After settling two religious discrimination suits with the Equal Employment Opportunity Commission (“EEOC”) last month, clothing retailer Abercrombie & Fitch scored a big win this week in another religious discrimination case before the Tenth Circuit Court of Appeal, which found that the EEOC did not prove its failure to accommodate claim for a Muslim job applicant denied hire by an Abercrombie store in Oklahoma because she wore a hijab (a religious headscarf), reversing a lower court.

Ordering judgment for Abercrombie, the Tenth Circuit found that the EEOC failed to show that the applicant neither informed Abercrombie of a conflict between her “inflexible religious belief” and a work rule nor requested an accommodation from compliance with the rule. While the EEOC argued that Abercrombie was on constructive notice of a conflict between the applicant’s religious beliefs and the company’s “Look Policy,” which prohibits sales associates from wearing “caps,” the Tenth Circuit held that Title VII requires a showing that the applicant was the “source of the employer's notice of a need for a religious accommodation.” Because religion is “uniquely personal,” the court reasoned that only an employee or applicant will know whether the religious belief or practice is inflexible or whether he or she is observing the belief “for cultural or other reasons that are not grounded in that religion.”

This ruling comes on the heels of Abercrombie’s settlement last month of two separate religious discrimination cases brought by the EEOC on behalf of two Muslim teens for wearing hijabs.

In one matter, a district court found Abercrombie liable for religious discrimination when it fired a Muslim teenager from her "impact associate" (stockroom employee) position because she refused to remove her hijab, which Abercrombie claimed violated its “Look Policy.” Abercrombie asserted that it would harm the Abercrombie brand to allow a variance from the policy. Observing that the job applicant had been interviewed and hired while wearing the hijab and had worked without incident for four months, the court dismissed Abercrombie's argument.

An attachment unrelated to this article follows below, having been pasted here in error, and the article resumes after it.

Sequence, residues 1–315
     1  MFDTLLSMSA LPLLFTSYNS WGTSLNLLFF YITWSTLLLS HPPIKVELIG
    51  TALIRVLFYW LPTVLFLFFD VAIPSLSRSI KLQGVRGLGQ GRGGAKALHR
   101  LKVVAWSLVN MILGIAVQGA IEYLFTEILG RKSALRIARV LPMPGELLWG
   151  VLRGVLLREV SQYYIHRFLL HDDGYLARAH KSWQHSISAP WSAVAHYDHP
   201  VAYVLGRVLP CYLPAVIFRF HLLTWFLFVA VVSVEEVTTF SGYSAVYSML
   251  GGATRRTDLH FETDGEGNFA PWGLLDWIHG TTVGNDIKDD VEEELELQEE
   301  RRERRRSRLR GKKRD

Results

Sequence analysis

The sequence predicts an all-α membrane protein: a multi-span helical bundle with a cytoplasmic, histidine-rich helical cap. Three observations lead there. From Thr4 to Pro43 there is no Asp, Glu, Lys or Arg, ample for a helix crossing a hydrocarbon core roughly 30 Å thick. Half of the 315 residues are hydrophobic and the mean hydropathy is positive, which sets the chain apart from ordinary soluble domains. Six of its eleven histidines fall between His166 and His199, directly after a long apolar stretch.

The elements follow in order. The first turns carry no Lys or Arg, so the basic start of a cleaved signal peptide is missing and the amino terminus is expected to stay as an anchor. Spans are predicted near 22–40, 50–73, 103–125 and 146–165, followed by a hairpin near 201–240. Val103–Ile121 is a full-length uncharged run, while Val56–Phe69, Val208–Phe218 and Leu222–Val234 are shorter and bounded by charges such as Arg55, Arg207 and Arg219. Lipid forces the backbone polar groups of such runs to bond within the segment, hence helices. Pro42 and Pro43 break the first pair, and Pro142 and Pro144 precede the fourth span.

In the other matter, a separate district court rejected Abercrombie's defense of undue hardship on summary judgment. There, it was alleged that a Muslim job applicant informed Abercrombie during her interview that she wore a headscarf for religious reasons. She was later denied the job on the basis that Abercrombie claimed to be unable to accommodate her religious dress. The retailer asserted that it could not accommodate the request to wear a hijab because of the impact of such an accommodation on store performance.

As part of the settlement between Abercrombie and the EEOC, Abercrombie has agreed to create an appeals process for denials of religious accommodation requests, inform applicants during interviews that accommodations may be available, and provide manager training on religious dress.

Given the aggressive stance that the EEOC has taken of late in prosecuting religious dress accommodations cases, it would seem likely that the EEOC will appeal the Tenth Circuit decision. In the meantime, retailers would be cautioned against excluding a religious job applicant from employment on the basis of a dress code policy simply because the applicant does not affirmatively request an accommodation.